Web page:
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Psychoneuroendocrinology. 2011 Nov;36(10):1540-52. doi: 10.1016/j.psyneuen.2011.04.008. Epub 2011 May 20.

Cortisol suppression by dexamethasone reduces exaggerated fear responses in posttraumatic stress disorder.

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  • 1Emory University School of Medicine, Department of Psychiatry and Behavioral Sciences, Atlanta, GA 30303, United States. tjovano@emory.edu

Abstract

PTSD symptoms are associated with heightened fear responses in laboratory fear conditioning paradigms. This study examined the effects of dexamethasone administration on hypothalamic-pituitary-adrenal (HPA) function and fear-potentiated startle (FPS) in trauma-exposed individuals with and without PTSD. We used an established fear discrimination procedure, in which one visual stimulus (CS+, danger cue) was paired with aversive airblasts to the throat (unconditioned stimulus, US), and another stimulus (CS-, safety cue) was presented without airblasts. In addition to FPS, the dexamethasone suppression test (DST) was performed. The study sample (N=100) was recruited from a highly traumatized civilian population in Atlanta, GA. Half of the subjects (n=54, 16 PTSD, 38 controls) underwent conditioning at baseline and the other half (n=46, 17 PTSD, 29 controls) after DST, in a cross-sectional design. We found a significant interaction effect of diagnostic group and dexamethasone treatment. Under baseline conditions, subjects with PTSD showed more than twice as much fear-potentiated startle to the danger cue compared to traumatized controls, F(1,53)=8.08, p=0.006. However, there was no group difference in subjects tested after dexamethasone suppression. Furthermore, there was a significant treatment effect in PTSD subjects but not in controls, with dexamethasone reducing fear-potentiated startle to the CS+, F(1,32)=4.00, p=0.05. There was also a positive correlation between PTSD subjects' FPS and cortisol levels, r=0.46, p=0.01. These results suggest that transient suppression of HPA function via dexamethasone suppression may reduce exaggerated fear in patients with PTSD.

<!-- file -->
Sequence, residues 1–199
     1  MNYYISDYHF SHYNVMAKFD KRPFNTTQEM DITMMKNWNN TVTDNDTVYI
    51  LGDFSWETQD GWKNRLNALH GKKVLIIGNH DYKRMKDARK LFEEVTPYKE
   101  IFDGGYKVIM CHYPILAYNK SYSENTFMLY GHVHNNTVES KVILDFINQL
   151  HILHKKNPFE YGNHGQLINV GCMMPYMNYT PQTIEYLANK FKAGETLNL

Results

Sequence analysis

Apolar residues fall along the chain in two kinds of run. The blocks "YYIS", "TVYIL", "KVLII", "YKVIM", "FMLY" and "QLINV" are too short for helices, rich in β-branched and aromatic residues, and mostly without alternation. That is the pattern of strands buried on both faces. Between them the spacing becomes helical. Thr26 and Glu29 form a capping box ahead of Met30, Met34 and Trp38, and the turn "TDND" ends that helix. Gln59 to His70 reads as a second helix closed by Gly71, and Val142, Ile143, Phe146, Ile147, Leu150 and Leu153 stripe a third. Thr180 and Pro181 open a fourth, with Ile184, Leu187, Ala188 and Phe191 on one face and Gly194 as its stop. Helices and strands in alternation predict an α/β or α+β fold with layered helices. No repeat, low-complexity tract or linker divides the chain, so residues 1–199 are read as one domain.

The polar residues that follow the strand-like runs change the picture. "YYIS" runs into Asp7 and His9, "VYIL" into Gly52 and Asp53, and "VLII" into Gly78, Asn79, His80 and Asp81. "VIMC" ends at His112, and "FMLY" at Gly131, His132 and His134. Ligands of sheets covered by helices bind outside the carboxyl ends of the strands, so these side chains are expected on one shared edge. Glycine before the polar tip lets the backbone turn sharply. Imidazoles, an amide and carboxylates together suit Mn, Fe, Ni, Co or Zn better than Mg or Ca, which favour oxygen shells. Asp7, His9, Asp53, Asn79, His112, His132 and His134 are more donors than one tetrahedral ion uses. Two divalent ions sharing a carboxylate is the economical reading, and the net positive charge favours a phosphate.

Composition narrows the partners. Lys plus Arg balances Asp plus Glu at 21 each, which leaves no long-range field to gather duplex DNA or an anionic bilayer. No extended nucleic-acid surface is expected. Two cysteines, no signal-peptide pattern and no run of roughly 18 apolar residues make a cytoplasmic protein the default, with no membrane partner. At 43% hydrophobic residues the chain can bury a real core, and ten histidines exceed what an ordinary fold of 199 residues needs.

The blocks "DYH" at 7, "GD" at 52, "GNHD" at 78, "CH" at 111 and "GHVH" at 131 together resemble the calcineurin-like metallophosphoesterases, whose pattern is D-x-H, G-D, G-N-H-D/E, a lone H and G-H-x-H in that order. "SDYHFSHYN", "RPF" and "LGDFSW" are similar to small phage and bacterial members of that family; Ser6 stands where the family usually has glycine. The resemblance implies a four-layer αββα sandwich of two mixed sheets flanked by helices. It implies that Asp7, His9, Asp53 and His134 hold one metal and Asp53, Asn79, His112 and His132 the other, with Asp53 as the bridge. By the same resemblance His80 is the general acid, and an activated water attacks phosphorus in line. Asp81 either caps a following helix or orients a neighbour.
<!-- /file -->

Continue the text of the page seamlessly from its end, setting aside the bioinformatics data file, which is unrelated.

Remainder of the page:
Copyright © 2011 Elsevier Ltd. All rights reserved.

PMID:
21601366
[PubMed - indexed for MEDLINE]
PMCID:
PMC3686475
Free PMC Article

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